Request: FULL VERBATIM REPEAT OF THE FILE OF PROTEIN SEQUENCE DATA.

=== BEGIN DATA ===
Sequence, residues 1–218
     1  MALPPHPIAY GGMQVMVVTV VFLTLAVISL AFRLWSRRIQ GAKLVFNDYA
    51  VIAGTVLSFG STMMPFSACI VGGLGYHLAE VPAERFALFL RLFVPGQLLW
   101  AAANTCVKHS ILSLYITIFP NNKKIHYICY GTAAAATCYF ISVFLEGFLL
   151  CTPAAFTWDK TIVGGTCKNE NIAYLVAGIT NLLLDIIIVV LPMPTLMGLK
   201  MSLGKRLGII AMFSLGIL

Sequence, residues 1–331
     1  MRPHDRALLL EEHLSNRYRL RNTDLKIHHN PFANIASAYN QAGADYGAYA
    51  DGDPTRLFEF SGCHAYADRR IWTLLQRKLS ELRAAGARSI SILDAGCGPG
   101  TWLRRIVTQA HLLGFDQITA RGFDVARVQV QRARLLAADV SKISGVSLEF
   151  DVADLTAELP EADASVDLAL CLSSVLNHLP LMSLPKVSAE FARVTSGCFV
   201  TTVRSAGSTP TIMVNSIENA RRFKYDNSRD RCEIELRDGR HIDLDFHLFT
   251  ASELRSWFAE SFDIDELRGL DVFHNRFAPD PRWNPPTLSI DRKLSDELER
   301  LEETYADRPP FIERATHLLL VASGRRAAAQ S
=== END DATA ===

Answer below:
Sequence, residues 1–218
     1  MALPPHPIAY GGMQVMVVTV VFLTLAVISL AFRLWSRRIQ GAKLVFNDYA
    51  VIAGTVLSFG STMMPFSACI VGGLGYHLAE VPAERFALFL RLFVPGQLLW
   101  AAANTCVKHS ILSLYITIFP NNKKIHYICY GTAAAATCYF ISVFLEGFLL
   151  CTPAAFTWDK TIVGGTCKNE NIAYLVAGIT NLLLDIIIVV LPMPTLMGLK
   201  MSLGKRLGII AMFSLGIL

Sequence, residues 1–331
     1  MRPHDRALLL EEHLSNRYRL RNTDLKIHHN PFANIASAYN QAGADYGAYA
    51  DGDPTRLFEF SGCHAYADRR IWTLLQRKLS ELRAAGARSI SILDAGCGPG
   101  TWLRRIVTQA HLLGFDQITA RGFDVARVQV QRARLLAADV SKISGVSLEF
   151  DVADLTAELP EADASVDLAL CLSSVLNHLP LMSLPKVSAE FARVTSGCFV
   201  TTVRSAGSTP TIMVNSIENA RRFKYDNSRD RCEIELRDGR HIDLDFHLFT
   251  ASELRSWFAE SFDIDELRGL DVFHNRFAPD PRWNPPTLSI DRKLSDELER
   301  LEETYADRPP FIERATHLLL VASGRRAAAQ S